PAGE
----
What do Texas preschooler Owen Hernandez and Federal Reserve Chairman Ben Bernanke have in common? As you’ll see during the Learning Lab<!--[if !supportNestedAnchors]--><!--[endif]-->, “Business Champions for Young Children,” at next month’s Fall Conference for Community Foundations in New Orleans, they both believe in the power of quality early learning to help children succeed in school and in life.
The bad news: From conception through the preschool years, children’s brains develop 700 synapses—the neural connections that enable them to learn—every second. Because of this unique window of development, the achievement gap opens very early. By age three, children in higher income families have a vocabulary twice the size of low-income children. By age five, youngsters can be 18 months behind their more advantaged peers. Starting so far behind makes it much harder to meet the key benchmark of reading on grade level by third grade. And those who don’t reach that target are much more likely to drop out, largely ending their chances of having productive careers.
So, if we want our students to complete high school, get a post-secondary education, and compete successfully in the world, we must start early.
The good news: We know how to do this. The other good news: Business leaders are becoming public champions for early childhood, and we know how to help them use their clout to help children get a successful start.
Rigorous, randomized trial research has shown that certain interventions have both short and long-term benefits for the child, the family, and society. In particular, health care, parent mentoring, and early education are critical building blocks. All show large benefit-cost ratios with impacts on child abuse, child injuries, child and parent participation in crime, child and parent educational achievement, employment, substance abuse, and other outcomes.
Because of this data, ReadyNation has been able to convince business leaders that we need to invest early in order to create the customers, employees, and neighbors we need. We have helped chambers of commerce and business roundtables from Maine to California, Alabama to New Mexico take public positions in support of early learning and convey that enthusiasm to policymakers. The National Association of Manufacturers and U.S. Chamber of Commerce have weighed in. PNC Financial Group has made early childhood its signature issue, with actions ranging from state advocacy to funding local programs and employee volunteers in early learning centers. The H-E-B grocery store chain in Texas created a business advocacy coalition, Raise Your Hand Texas, and uses its stores to promote literacy and good nutrition for young families. Business leaders in Erie, Penn., created Erie’s Future Fund to offer scholarships for early education modeled after the traditional higher education funds. As a result, states and communities have made real progress even in a difficult budget environment—protecting programs from cuts, improving quality, and even increasing funds.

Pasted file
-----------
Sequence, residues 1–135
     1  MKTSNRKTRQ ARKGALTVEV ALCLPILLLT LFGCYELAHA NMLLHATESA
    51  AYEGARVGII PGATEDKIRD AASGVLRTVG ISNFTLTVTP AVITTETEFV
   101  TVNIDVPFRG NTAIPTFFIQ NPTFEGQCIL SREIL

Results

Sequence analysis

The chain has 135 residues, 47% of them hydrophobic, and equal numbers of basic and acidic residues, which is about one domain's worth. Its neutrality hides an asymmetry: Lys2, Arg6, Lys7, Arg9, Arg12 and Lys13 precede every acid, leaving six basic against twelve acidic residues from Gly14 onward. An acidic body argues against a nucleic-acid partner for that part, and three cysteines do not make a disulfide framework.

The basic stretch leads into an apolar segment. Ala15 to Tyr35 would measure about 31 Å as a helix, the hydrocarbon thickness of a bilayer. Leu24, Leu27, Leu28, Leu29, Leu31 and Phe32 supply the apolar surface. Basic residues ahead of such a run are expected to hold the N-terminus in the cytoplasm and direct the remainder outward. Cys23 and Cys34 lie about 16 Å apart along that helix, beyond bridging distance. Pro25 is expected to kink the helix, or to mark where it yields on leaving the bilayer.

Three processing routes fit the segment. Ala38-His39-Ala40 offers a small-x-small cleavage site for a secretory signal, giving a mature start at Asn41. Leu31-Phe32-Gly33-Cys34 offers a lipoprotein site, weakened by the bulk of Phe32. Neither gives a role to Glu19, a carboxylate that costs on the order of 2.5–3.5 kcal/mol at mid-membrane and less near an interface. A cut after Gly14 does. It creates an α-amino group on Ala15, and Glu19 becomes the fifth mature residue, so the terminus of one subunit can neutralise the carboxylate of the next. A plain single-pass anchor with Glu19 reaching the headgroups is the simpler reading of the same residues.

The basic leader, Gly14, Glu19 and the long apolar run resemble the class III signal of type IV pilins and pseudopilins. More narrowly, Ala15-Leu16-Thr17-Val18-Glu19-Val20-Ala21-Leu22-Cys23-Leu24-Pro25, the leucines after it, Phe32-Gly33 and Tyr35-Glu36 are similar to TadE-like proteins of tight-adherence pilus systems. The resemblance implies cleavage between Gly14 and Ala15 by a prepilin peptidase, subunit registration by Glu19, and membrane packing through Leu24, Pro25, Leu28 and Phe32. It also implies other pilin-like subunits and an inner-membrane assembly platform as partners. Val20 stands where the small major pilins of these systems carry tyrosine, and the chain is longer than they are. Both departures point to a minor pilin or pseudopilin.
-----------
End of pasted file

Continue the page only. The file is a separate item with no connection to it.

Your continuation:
ReadyNation, a project of America’s Promise Alliance, is a partnership to mobilize business leaders in support of early childhood. We have worked in more than 30 states with business executives and groups. We also train advocates in how to create their own effective relationships with business. Our website is the nexus of good ideas, successes, economic evidence, and experts on business engagement.
Community foundations can help businesses of all sizes take action. We hope you’ll join us in New Orleans to hear more success stories, including Telluride Foundation CEO Paul Major describing Colorado’s Executives Partnering to Invest in Kids. We’ll tell you how to help your business community take actions to get children off to a good start.
Sara Watson is director of ReadyNation and executive vice president of America’s Promise Alliance.